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I actually started this series, although I didn't know it was such at the time, back in 1993 whenI was in Junior High, with the fourth volume. It wasn't until about ten years later that I got the proper skinny on it and read the series in proper order. Over Sea, Under Stone opens with the Drew family, Dick, Ellen and their three young children, arriving in Cornwall for a summer vacation, which they'll be spending with their Great Uncle Merry, a mysterious professor who often appears unexpectedly on the Drews' doorstep to vanish just as quickly in the night. While exploring the massive house that Uncle Merry, Meriman Lyon to the wider world, the three Drew children, Simon, Jane and Barney, discover an ancient manuscript which they believe to be a map showing the location of what they believe to be an ancient treasure. Though a game to the three Drews, the importance of the manuscript begins to surface, first when a mysterious man and a woman claiming to be his sister appear and ask the Drews about secret passages and maps, then even more so later when the house is burglarized while the Drews sleep. Realizing what the thieves must have been after, the childen show the manuscript, which they managed to keep safe, to Uncle Merry, who reveals that the treasure is in fact an ancient grail from the time of King Arthur. Thus begins a dangerous race as the Drews attempt to decipher the clues of the map and reach the grail before their myysterious enemies do. But it quickly becomes apparent that their foes, though relatively few in number, are extremely resourceful, and the outcome of the race is continually in doubt.
As usual with audiobooks, the narrator can sometimes ruin the experience even if the story itself is good. Fortunately that wasn't the case here. British actor Alex Jennings not only has a good voice for storytelling but also a talent for accents and dialects that lend personality to the characters he portrays, from the Cornish accents of the village locals to Uncle Merry's deep, commanding tones. This is definitely a listen I wuld recommend to others. It's not an entirely traditional fantasy with swords, dragons and wizards but it's a gripping tale all the same.
18 of 19 people found this review helpful
This is a solid adventure story; a good start to the series and much less surreal than the stories to follow. I found, revisiting this as an adult, that the 'voices' of the children seemed to be just a little off- they kept saying things in a way that were much older than the characters themselves were (but that could just be a culture difference I guess, as I'm American and not British). Also, the peril wasn't very believeable this time around. I do remember that when I first read the books at around 10 years old I was completely enthralled, but now the conflict seems fabricated with no real power. Still, I'd recommend it for the 6-11 crowd.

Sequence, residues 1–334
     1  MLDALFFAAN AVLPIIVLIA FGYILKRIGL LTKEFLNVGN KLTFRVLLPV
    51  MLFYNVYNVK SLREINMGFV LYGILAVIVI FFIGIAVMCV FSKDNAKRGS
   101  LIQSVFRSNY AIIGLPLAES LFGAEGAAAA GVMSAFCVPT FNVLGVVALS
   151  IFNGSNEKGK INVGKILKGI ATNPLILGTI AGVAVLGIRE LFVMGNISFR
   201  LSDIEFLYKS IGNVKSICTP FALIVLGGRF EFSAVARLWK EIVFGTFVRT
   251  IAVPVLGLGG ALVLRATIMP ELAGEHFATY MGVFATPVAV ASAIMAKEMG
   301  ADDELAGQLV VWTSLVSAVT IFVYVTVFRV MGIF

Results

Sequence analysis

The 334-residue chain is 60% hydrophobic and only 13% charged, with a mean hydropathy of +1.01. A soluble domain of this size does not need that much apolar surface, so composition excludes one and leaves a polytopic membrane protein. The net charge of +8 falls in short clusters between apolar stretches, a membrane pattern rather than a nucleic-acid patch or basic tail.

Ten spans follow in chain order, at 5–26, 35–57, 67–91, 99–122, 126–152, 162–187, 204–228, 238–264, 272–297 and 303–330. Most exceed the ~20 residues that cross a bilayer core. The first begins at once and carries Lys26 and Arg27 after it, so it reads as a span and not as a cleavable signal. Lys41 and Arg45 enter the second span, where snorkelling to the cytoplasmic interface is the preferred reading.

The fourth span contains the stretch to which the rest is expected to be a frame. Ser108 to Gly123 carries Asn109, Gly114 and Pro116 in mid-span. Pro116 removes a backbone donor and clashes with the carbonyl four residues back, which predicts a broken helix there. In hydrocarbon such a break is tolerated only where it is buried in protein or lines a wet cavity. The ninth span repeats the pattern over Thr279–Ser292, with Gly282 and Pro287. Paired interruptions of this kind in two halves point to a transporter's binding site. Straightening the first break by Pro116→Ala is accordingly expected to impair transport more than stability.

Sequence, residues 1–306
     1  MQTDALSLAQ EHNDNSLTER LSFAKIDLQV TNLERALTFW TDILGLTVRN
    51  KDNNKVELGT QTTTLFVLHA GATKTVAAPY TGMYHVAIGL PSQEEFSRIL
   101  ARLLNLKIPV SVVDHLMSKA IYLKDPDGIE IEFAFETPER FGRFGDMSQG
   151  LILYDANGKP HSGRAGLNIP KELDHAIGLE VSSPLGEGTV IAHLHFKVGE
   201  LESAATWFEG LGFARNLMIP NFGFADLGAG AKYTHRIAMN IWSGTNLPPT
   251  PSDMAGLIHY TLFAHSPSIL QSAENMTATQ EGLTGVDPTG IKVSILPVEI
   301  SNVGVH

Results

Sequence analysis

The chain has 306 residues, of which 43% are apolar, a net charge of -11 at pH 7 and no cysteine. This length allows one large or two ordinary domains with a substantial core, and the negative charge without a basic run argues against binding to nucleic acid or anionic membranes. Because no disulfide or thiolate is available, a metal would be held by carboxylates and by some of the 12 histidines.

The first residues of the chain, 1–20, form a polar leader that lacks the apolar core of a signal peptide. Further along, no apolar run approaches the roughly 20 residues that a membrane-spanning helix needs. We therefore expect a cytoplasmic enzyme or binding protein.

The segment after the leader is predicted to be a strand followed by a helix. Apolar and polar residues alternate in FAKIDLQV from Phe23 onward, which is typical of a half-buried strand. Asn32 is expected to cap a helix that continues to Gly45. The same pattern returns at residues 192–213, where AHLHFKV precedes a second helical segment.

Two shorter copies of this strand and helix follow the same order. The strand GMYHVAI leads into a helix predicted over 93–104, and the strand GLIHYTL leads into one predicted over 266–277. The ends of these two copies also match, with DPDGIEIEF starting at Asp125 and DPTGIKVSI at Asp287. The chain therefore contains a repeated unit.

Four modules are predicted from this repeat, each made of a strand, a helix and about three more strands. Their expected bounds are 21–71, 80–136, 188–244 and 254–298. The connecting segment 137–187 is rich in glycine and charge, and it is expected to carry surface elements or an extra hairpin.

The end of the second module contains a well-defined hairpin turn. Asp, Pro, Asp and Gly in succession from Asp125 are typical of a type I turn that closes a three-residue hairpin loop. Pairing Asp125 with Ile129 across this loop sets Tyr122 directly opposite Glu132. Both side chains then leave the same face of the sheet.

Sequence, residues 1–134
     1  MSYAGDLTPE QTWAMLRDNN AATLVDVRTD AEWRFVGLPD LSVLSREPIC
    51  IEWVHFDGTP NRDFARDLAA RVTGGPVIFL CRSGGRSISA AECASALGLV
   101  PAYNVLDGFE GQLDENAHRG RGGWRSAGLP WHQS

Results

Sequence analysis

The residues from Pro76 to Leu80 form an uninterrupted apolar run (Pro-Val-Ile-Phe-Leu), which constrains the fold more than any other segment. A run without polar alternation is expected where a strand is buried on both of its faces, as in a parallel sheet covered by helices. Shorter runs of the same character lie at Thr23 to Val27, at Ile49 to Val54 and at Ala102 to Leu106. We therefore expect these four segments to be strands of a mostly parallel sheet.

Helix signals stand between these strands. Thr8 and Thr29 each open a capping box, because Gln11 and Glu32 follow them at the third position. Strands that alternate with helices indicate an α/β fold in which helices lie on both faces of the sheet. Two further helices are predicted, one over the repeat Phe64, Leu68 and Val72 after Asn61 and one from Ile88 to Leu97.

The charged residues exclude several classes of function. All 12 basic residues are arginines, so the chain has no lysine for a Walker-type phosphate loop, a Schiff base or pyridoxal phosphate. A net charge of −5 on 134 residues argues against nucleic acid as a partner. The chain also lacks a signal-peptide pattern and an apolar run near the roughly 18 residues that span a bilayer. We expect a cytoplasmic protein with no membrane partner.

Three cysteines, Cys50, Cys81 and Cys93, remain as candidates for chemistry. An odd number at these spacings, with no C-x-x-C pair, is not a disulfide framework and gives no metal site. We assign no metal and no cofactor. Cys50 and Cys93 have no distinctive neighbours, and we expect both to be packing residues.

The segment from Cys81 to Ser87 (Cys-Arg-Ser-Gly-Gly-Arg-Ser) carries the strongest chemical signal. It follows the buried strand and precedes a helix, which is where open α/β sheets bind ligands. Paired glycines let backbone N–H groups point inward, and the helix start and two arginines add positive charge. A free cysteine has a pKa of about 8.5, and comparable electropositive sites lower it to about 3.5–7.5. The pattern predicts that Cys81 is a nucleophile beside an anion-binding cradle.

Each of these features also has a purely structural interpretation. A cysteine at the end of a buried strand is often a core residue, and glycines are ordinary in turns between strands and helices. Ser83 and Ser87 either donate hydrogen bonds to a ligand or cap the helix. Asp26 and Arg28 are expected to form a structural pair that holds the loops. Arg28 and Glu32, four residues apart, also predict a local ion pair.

10 of 12 people found this review helpful
What made the experience of listening to The Dark Is Rising Sequence, Book One the most enjoyable?
This is the audiobook version of a novel I read and reread as a child. It was lovely to be able to revisit it as an adult and find that it was just as good as I remembered!
Any additional comments?
The narration was clear and unintrusive, the story still a cracking good yarn of Arthurian fantasy brought to modern day Cornwall. My only criticism is that the second book in the series doesn't seem to be available on audible, even though the later ones in the series are!
5 of 5 people found this review helpful
If you could sum up The Dark Is Rising Sequence, Book One in three words, what would they be?
Exciting, absorbing, adventurous.
Who was your favorite character and why?
Jane - pretty positive girl character for the age of the book, adventurous, imaginative and brave.
Which character – as performed by Alex Jennings – was your favourite?
Was this a book you wanted to listen to all in one sitting?
Any additional comments?
We listened to this on a couple of long car journeys as a family (mum & dad, 12 year old and 9 year old girls) and found it really good for making the hours pass by - in fact at one point we arrived at our destination (grandparents' house) and none of us wanted to get out of the car and stop listening! We've downloaded books 3,4 and 5 of the series now and are looking forward to continuing book 4 later in the summer - we have a pact that we can't listen unless we're all together! Alex Jennings reads it in a really accessible and absorbing way and his range of voices is such that you can always tell who is speaking. Just a shame book 2 isn't available on Audible - we've read it at home but it would be nice to have the full set of recordings.
4 of 4 people found this review helpful
If you could sum up Over Sea, Under Stone in three words, what would they be?
Growing sense of menace
Any additional comments?
I really enjoyed this first book of the series. It reminds me of Famous Five - but with delightfully sinister and magical elements. It really hooked me in and I eagerly searched for the second book in the series on Audible and found all the others in the sequence but not book no. 2 "The Dark is Rising".... Poo.
1 of 1 people found this review helpful
I was given this book for my 40th birthday so am ranking it a 3/5 as I prefer young adult or adult books. If you are a child or teenager then I suspect you will enjoy this story and narration!